Quantcast
Home » News
Home » News

Railroads back retrofitting flammable liquid cars

Published November 14, 2013 8:35 am
This is an archived article that was published on sltrib.com in 2013, and information in the article may be outdated. It is provided only for personal research purposes and may not be reprinted.

Omaha, Neb. • U.S. railroads are supporting new safety standards for rail cars that haul flammable liquids to address flaws that can allow crude oil, ethanol and other substances to leak during accidents.

The Association of American Railroads said Thursday that railroads support making upgrades to the fleet of 92,000 tank cars that carry flammable liquids. Of those, 14,000 cars are newer cars built to current safety standards.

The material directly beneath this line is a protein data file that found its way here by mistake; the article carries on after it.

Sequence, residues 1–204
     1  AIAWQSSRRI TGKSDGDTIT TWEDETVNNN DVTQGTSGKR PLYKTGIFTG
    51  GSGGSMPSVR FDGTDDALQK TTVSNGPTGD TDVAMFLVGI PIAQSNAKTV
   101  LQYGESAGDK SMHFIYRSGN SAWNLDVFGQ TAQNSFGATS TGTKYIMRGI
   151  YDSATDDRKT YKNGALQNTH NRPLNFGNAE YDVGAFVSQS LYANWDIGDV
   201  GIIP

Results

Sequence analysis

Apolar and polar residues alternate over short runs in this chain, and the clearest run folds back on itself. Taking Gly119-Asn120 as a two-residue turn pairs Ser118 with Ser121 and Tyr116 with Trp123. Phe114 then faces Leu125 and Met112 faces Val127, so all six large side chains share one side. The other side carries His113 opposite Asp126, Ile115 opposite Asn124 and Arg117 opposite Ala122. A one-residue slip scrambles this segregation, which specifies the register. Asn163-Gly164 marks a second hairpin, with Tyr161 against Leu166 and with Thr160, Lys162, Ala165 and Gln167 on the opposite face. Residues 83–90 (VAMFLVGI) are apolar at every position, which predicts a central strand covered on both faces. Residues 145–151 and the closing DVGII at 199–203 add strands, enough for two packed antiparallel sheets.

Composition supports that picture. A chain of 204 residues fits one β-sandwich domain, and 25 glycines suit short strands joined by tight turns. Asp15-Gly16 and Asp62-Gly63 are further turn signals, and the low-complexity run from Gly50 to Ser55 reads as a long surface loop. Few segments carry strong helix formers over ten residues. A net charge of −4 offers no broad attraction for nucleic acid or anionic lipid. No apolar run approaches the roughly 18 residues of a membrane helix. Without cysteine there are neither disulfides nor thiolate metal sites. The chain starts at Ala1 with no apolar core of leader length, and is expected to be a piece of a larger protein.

The Pipeline and Hazardous Materials Safety Administration is considering a plan intended to fix a dangerous design flaw in a rail car commonly used to haul oil and other hazardous liquids from coast to coast.



Safety experts say the soda-can shaped car, known as the DOT-111, has a tendency to split open during derailments and other major accidents.

 

 

 

USER COMMENTS
Reader comments on sltrib.com are the opinions of the writer, not The Salt Lake Tribune. We will delete comments containing obscenities, personal attacks and inappropriate or offensive remarks. Flagrant or repeat violators will be banned. If you see an objectionable comment, please alert us by clicking the arrow on the upper right side of the comment and selecting "Flag comment as inappropriate". If you've recently registered with Disqus or aren't seeing your comments immediately, you may need to verify your email address. To do so, visit disqus.com/account.
See more about comments here.
comments powered by Disqus